Food Spotlight: Raglan Road at Disney Springs
Chef Mark O’Neill is putting a delicious imprint on the longtime Irish favorite, with creative twists on pork, burgers, fish, shepherd’s pie and more.
Raglan Road at Disney Springs has become, at almost 15 years of age, the standard by which other Irish restaurant/pubs are judged. A series of faithfully restored mahogany and marble bars, wood-paneled walls and furnishings from ancient Old Country pubs, it is noisy and boisterous with a grand 150-year-old stage showcasing dancers, singers and musicians from Ireland. Between and below the sounds of tap shoes and lilting lyrics are great ales, many locally brewed and exclusive to Raglan, and the talents of executive chef and freshly minted Orlando resident Mark O’Neill. As only the second chef to run Raglan’s kitchen, he brings new insights into this version of cuisine from the Emerald Isle.
“Gastropub,” he says. “That was always the route I wanted to go down in my career. It takes a lot of skill and technique to make these dishes, but simple at the same time.” He’s a humble man, preferring to let his food do the talking, and what he points to as representing his persona is the Let There Be No Rush Pork ($25). “It’s a 24-hour process to get braised pork shoulder on the plate,” explains O’Neill, who serves the dish with caramelized apple puree, house-pickled mustard seeds and creamed cabbage with sage. He sources a heritage breed of pork from North Carolina. “Once you’ve got good product, you don’t need to mess with it.”
Raglan Road won our Best Restaurant slot in the 2014 Dining Awards, and with good reason. At the time, the energetically sly celebrity Irish chef Kevin Dundon was the public face of the enterprise, emerging from his stately home/luxury hotel/restaurant/cooking school, Dunbrody House in Wexford, Ireland, to conduct special event dinners at the Disney Springs establishment several times a year.
But Dundon left the Raglan business in December of 2017, a decision prompted by his increasing commitments at home and exacerbated by a health scare after surgery that convinced him to cut down on traveling to the U.S. His voice still echoes on parts of the menu, but Chef Mark is in full control, and in many ways brings to the dishes a contemporary yet traditional taste of Dublin.
Irish cuisine is known for fish, and O’Neill’s dish called Foleys Finest Trout ($28) presents North Atlantic sea trout from Foley Fish in Boston, pan seared with a crisp skin and spooned with a tart caper dressing. “In America it’s called Arctic char,” he says. “We call it sea trout. It’s a light fish, quite elegant.” It’s served with pillows of dill gnocchi, zucchini ribbons, cherry tomatoes and samphire, a salty marine succulent that was actually mentioned in King Lear. Lear would have enjoyed the dish, and perhaps the dancing, too.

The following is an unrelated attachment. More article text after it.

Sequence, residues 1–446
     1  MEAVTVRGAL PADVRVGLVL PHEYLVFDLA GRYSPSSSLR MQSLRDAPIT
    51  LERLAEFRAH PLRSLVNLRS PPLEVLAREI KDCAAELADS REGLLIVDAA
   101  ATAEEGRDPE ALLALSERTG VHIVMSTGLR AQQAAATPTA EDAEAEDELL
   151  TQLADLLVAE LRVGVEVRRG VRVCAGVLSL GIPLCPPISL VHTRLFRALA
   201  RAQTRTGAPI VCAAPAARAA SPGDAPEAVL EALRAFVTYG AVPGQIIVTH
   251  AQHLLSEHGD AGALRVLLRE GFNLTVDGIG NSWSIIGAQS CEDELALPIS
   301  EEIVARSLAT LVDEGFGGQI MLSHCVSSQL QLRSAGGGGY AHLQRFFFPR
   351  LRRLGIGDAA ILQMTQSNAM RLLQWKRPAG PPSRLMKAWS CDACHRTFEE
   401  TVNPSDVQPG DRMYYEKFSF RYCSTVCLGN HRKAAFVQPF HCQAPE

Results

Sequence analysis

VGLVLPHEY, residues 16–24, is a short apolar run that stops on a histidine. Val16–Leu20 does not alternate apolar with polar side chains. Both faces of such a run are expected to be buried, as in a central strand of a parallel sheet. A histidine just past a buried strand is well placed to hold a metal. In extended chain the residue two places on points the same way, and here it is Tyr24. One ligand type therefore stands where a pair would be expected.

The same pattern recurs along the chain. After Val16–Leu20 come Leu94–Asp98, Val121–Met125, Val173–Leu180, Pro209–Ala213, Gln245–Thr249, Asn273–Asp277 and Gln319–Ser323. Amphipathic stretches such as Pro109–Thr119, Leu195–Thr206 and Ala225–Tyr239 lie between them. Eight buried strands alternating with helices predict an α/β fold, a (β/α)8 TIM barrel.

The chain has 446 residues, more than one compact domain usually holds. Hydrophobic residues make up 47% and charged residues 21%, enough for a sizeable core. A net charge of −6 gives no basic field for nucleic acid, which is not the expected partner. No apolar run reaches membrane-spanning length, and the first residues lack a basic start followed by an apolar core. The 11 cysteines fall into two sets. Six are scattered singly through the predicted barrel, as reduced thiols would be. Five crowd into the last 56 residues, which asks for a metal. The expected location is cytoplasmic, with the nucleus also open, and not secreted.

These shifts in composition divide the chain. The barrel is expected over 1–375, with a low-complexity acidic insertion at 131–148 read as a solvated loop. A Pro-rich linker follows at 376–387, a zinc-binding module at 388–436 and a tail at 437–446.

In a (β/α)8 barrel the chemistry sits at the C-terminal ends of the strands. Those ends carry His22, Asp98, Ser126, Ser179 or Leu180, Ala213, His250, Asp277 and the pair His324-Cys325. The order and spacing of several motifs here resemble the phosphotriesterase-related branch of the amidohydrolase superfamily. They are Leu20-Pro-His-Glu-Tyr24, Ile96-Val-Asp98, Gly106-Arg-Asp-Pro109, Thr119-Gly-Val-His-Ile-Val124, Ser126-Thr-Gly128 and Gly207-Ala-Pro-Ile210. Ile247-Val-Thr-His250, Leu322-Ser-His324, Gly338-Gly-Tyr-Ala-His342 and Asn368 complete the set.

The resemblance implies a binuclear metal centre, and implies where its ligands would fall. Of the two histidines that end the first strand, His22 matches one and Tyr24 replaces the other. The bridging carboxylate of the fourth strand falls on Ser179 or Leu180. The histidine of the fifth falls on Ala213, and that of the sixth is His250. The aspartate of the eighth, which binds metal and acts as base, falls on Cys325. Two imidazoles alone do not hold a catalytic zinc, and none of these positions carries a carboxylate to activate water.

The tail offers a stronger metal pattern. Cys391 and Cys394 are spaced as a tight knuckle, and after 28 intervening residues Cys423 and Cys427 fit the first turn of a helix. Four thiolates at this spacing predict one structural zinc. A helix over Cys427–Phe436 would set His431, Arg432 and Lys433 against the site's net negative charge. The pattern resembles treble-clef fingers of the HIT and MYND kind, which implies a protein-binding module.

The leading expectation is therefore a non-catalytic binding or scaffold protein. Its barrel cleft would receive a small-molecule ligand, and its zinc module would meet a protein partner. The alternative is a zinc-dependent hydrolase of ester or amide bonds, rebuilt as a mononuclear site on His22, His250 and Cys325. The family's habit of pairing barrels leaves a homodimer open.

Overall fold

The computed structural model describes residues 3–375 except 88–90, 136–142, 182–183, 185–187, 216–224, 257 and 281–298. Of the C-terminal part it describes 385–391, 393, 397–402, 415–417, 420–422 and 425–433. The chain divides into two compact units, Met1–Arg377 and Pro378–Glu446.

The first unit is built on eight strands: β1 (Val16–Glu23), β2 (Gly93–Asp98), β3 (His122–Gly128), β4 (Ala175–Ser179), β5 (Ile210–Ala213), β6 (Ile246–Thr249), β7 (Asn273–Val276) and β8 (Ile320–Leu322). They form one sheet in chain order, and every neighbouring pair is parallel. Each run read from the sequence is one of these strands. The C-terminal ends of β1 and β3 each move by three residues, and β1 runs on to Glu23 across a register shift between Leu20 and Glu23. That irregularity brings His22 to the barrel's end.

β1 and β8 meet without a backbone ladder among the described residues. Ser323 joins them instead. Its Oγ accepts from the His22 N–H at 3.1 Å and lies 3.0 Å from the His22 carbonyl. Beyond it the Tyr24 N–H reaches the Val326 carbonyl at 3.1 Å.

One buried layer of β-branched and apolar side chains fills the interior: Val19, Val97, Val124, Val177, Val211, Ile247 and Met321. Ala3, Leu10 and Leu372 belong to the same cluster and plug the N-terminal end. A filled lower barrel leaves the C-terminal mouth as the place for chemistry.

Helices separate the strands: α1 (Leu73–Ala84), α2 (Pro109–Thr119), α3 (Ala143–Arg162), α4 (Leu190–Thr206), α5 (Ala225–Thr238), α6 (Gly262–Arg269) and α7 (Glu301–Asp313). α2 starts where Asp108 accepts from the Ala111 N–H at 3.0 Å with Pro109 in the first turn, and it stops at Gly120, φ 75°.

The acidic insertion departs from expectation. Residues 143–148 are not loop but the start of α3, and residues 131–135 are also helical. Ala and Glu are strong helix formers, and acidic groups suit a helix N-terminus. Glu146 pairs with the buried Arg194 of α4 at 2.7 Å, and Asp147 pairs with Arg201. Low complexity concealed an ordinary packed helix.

Like other standard-sounding menu items (colcannon potatoes, bangers and mash), the Shepherd’s to Die for Pie ($20) may seem familiar. But it’s not. Combining 12-hour braised beef and pulled lamb in a red wine reduction and topping it with butter-saturated mashed potatoes smoked with Irish peat makes for a rich, deeply flavored dish you won’t have encountered before.
And of note is the OMG Burger ($20), Irish from start to finish with a stack of dry-aged ground prime burger, Irish bacon, Dubliner cheddar and opulent Jameson Irish whiskey BBQ sauce, crested with crispy potato straws. The restaurant is justly proud of it. There is also a Boaring Burger ($20) that’s a study in textures and tastes: savory grilled wild boar, tangy blue cheese from Cashel in Tipperary, the pepper taste of arugula, and full-bodied port and pear chutney.
“My father was a chef, once upon a time, before my time,” O’Neill says. “He always had an interest in cooking and passed that on to us.” The younger O’Neill has cooked in Dublin’s Four Seasons Hotel, Brasserie Sixty6 and the Michelin star Thornton’s; London; Germany; and Australia. He uses all those influences to inform his cooking.
1640 E. Buena Vista Drive, Disney Springs
“That’s what’s makes a chef,” he says. “Taking knowledge from wherever you are cooking.”
Raglan is owned by partners Paul Nolan and John Cooke, who also opened the Nine Fine Irishmen pub at the New York-New York Hotel in Las Vegas and have a keen eye on the authenticity of the operation. There’s no greater indication of this than the fish and chips ($22) a massive serving of beer-battered cod and steak-cut fries that match any found at the Irish seaside.
A bronze of the legendary Irish poet Patrick Kavanagh, who penned the poem “Raglan Road,” still sits on a bench outside the pub. He once wrote about “the wink-and-elbow language of delight.” Which, in Raglan Road’s food- and music-filled hullabaloo, to use a fine Celtic word, is sometimes all the conversation that is needed.
We’re told that Raglan Road is the top seller of Guinness in the U.S., and a fine head is pulled by the talented tenders at the bar. Of special note are the seven signature draughts made especially for RR, and a flight of four from breweries in Tampa, Orlando, Plant City and Winter Garden is a great way to sample.